Hired to sub for an university student orchestra playing Brahms Haydn-Variations. Got to the movement with the viola section solo. The principal viola's phone starts ringing. He reaches into his pocket but can't get it out. It keeps ringing until he finally dug it out of his pocket. I couldn't believe the timing, it was too good to be true.

April 16, 2018, 7:20 AM · I was attending an outdoor orchestral concert where the guest conductor was doing a horrific job. Tempos were all over the place, and he was issuing miscues which resulted in a lot of confused looks on the players faces. While the concert was going on, a storm started brewing and a bolt of lightning flew out of the sky and hit the conductor. But it didn't seem to phase him at all; he just kept going on in his misguided way. We were wondering why grounding a sudden massive jolt of electricity didn't seem to bother him at all, when we realized it was because he was such a poor conductor...
Edited: April 17, 2018, 3:11 PM · 1. What I am about to relate mercifully didn't happen at a symphony concert but at the rehearsal two days before, a Thursday. We arrived at the rehearsal to find a stand-in conductor in charge - our regular conductor was suddenly unavailable for the concert on the Saturday because his wife had gone into labour unexpectedly early. The replacement was elderly, affable and claimed to have known virtually everyone in the orchestra from way back when, something our collective memory couldn't quite swallow. The first warning that something was amiss was when he spent the first five minutes of the rehearsal telling us enthusiastically about a major dog show to which he had taken his dogs earlier in the day. He only stopped when the CM got up and whispered loudly to him to get on with it.

Things went from bad to worse. He had little idea about cues, tried to conduct 8/4 in a 4/4 allegro, didn't spot one or two obvious wrong entries by the brass (which were a direct result of his misconducting), and attack and dynamics certainly weren't at the top of his list. Wasting time in a variety of ways because he evidently had little idea of time control he managed to do only about half of what we should have rehearsed.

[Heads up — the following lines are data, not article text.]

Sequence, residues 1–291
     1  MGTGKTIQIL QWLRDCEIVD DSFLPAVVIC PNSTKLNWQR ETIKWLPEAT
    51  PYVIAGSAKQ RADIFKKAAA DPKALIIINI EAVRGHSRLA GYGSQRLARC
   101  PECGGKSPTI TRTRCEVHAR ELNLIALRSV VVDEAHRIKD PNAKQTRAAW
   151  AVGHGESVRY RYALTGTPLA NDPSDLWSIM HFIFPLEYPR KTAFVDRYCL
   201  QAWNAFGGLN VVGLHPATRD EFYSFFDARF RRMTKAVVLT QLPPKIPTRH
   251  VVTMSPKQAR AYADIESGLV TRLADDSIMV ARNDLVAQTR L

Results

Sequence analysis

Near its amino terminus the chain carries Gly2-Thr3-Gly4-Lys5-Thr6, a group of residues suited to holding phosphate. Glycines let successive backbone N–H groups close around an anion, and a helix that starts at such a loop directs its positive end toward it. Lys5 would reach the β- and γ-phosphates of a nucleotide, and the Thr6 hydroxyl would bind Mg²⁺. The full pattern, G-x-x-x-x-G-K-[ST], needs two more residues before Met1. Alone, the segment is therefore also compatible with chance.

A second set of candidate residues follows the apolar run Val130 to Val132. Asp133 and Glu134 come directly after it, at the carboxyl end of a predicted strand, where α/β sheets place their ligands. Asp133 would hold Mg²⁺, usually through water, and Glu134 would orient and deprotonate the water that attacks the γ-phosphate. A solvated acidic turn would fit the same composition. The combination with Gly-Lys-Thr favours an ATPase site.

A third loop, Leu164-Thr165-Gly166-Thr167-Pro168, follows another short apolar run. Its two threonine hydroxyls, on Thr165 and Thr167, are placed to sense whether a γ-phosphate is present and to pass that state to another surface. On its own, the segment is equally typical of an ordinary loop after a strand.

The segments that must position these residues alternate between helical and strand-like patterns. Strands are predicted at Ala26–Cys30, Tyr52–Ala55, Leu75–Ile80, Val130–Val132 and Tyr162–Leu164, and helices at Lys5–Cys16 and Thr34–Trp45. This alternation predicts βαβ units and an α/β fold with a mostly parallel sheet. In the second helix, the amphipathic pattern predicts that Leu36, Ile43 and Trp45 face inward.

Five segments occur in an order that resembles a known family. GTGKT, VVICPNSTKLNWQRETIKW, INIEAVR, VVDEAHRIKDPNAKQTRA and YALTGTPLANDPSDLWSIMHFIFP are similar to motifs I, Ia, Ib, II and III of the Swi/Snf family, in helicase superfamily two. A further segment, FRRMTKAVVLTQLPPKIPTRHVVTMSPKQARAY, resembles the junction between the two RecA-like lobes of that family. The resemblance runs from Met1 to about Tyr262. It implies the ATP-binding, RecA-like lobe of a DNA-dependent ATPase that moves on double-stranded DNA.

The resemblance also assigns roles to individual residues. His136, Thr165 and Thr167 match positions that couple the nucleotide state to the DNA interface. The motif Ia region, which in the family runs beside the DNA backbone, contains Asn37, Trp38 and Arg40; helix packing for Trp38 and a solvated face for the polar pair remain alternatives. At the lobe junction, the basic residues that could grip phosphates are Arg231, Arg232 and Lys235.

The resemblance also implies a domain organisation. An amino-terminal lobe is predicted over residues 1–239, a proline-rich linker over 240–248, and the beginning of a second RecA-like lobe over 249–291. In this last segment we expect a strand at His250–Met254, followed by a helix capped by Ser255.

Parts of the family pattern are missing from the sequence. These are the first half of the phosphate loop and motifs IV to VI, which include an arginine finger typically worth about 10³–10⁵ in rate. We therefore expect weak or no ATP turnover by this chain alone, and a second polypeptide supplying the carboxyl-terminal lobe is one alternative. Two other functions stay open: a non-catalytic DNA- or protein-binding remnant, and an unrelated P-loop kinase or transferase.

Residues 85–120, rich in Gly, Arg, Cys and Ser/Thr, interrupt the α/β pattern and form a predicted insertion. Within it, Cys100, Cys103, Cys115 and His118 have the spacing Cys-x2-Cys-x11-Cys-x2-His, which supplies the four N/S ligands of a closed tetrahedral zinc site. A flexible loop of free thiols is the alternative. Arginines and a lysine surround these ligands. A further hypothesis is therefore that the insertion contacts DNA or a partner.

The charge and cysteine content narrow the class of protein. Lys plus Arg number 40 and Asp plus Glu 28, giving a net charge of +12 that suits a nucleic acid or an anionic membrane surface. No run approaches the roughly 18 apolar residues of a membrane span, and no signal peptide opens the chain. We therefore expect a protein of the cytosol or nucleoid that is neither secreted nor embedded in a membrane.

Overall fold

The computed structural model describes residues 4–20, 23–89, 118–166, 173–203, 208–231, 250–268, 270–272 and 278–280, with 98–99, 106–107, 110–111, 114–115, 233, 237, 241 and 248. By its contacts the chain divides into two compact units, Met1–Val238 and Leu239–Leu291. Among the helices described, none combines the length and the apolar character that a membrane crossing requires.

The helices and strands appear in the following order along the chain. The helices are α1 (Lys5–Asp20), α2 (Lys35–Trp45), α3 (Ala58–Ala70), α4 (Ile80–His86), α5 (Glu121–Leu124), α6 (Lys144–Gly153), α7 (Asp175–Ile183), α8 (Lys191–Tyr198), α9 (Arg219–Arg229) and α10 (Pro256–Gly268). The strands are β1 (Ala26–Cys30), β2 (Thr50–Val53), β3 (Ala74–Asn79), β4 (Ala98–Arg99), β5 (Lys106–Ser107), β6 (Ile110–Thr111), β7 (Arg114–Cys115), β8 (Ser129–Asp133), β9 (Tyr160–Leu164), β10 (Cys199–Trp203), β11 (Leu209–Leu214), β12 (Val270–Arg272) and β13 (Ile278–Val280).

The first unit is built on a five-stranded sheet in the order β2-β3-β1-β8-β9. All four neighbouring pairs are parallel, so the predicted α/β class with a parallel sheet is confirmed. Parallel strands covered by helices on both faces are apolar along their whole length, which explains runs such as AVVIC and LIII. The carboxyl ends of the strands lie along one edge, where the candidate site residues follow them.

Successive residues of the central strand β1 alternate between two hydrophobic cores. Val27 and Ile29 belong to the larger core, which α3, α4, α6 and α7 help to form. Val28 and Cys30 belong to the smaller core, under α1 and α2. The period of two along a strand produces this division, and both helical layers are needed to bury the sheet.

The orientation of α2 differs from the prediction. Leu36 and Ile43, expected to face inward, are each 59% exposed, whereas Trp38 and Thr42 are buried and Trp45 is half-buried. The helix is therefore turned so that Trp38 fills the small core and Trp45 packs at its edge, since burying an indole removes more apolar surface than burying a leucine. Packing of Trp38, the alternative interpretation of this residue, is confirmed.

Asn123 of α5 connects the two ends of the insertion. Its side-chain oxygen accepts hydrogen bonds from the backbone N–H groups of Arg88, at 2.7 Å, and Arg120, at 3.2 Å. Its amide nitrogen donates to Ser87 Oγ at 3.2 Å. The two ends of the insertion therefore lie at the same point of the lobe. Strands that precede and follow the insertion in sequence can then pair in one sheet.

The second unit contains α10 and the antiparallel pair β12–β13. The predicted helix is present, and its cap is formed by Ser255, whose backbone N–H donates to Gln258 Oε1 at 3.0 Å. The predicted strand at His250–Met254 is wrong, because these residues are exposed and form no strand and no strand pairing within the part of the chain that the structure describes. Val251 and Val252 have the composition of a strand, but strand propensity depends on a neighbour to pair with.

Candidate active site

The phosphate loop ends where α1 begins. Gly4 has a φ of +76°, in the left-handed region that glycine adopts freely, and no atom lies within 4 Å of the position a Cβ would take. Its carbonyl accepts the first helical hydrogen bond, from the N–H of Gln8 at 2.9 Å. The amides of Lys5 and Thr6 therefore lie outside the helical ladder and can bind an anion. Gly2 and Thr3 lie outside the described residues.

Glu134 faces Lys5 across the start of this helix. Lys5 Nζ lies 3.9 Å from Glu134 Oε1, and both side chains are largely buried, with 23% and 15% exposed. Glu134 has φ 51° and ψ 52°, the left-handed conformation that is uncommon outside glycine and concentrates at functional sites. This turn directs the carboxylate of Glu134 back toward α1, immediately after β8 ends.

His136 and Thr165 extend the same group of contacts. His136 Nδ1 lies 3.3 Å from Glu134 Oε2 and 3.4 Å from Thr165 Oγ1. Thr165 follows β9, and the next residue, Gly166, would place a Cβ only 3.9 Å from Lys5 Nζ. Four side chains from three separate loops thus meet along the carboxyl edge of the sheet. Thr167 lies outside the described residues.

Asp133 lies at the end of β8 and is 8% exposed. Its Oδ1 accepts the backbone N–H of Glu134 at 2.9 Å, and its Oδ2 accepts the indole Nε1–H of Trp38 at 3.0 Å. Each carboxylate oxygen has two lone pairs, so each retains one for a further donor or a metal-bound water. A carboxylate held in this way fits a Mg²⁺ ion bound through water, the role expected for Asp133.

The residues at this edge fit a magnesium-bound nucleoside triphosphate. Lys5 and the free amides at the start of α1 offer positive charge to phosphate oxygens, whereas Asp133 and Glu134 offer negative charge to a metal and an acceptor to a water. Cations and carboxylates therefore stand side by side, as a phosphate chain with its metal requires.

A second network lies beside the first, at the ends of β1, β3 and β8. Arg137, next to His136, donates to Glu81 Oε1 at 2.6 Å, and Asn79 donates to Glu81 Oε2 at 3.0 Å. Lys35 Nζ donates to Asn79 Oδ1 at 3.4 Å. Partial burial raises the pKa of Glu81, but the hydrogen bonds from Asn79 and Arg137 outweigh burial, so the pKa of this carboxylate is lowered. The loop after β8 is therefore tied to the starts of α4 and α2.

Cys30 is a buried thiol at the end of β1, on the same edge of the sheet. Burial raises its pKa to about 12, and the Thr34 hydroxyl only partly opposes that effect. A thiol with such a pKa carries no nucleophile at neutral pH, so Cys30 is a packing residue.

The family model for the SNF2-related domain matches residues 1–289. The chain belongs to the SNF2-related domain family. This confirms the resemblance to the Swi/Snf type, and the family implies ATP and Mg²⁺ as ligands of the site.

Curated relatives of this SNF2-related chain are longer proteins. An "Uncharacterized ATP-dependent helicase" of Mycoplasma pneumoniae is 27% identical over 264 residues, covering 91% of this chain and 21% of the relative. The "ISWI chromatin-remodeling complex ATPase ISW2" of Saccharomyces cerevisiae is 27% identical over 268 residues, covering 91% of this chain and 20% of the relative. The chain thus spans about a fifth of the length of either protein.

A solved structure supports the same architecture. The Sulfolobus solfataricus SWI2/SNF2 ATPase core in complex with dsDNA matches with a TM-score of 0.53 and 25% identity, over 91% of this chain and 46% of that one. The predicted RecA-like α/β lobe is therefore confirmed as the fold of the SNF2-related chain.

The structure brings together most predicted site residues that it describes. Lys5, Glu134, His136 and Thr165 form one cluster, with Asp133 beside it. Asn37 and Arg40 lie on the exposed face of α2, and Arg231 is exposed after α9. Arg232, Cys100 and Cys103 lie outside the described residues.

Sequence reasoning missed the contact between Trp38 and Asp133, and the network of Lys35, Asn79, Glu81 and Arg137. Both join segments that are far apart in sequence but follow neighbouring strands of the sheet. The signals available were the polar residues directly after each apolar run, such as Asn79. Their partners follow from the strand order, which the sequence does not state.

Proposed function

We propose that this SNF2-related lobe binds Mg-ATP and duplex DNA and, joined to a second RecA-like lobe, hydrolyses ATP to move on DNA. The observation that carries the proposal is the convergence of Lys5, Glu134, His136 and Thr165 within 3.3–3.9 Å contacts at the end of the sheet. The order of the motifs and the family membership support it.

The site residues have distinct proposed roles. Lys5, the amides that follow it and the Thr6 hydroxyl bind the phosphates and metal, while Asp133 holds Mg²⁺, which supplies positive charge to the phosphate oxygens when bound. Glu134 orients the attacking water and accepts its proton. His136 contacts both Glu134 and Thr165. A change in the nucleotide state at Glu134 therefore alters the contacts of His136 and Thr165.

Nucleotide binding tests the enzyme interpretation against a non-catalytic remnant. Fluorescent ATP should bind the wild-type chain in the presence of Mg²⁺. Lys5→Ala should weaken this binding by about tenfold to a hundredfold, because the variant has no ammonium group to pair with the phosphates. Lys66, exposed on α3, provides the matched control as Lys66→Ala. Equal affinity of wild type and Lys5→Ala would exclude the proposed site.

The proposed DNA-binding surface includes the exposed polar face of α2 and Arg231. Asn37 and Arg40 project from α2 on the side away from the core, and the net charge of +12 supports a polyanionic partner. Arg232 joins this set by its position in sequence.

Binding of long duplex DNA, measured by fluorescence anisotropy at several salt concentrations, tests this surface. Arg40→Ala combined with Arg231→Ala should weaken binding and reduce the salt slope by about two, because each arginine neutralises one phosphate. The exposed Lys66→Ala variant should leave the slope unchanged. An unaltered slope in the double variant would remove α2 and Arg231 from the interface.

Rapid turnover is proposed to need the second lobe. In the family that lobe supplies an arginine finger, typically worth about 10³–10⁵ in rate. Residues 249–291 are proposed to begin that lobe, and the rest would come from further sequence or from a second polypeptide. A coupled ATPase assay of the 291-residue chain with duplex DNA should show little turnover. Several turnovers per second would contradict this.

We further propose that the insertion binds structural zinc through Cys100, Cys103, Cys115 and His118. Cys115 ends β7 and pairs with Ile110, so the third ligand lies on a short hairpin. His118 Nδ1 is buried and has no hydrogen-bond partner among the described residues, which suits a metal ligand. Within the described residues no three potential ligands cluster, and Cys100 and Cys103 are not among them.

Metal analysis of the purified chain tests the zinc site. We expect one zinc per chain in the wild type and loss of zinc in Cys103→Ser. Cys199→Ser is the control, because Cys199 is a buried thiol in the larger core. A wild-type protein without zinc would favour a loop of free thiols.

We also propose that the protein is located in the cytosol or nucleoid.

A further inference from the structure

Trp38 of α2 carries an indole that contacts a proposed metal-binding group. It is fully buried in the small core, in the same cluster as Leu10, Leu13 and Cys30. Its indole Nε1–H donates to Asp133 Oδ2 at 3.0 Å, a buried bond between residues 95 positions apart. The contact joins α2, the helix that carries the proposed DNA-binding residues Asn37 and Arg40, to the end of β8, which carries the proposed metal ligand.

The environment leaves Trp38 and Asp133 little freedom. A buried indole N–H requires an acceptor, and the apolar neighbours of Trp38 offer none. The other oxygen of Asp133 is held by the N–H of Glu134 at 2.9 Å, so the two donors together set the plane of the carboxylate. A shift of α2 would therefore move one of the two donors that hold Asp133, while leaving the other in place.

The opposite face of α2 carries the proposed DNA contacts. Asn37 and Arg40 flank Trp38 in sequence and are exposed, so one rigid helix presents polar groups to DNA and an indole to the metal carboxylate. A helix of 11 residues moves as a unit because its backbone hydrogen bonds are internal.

Later that evening the CM called our real conductor, explained the situation, said he was prepared to conduct the Saturday concert and that he had in mind a good deputy to do his CM's job. I'm sure more must have been said, but the upshot was that our CM did an excellent job of conducting on the day (he now conducts his own orchestra), which was just as well since we had an international piano soloist. The concert turned out to be a success on all fronts.

We heard later that our stand-in conductor had been taken to hospital on the Friday with some sort of cerebral condition, so he evidently wasn't at all a well man when he took that Thursday rehearsal.

2. Talking about stand-ins, some years ago in my cello days I was in the pit orchestra for a performance of Nabucco. On the opening night, a few minutes before the start the conductor sent a message to say he couldn’t take the performance because he was abed with a severe gastric complaint. Panic! In the audience a retired conductor of one the BBC’s regional orchestras became aware of the panic and offered to conduct the performance, even though he had never conducted that opera. He took advice from the CM on tempi, timings and the like, saved the day and everything worked out well with no disasters, although the overall performance was perhaps about 10 minutes longer than expected. The next day, our regular conductor returned, looking a little pale but otherwise OK, and there were no problems with that performance and the rest of the run.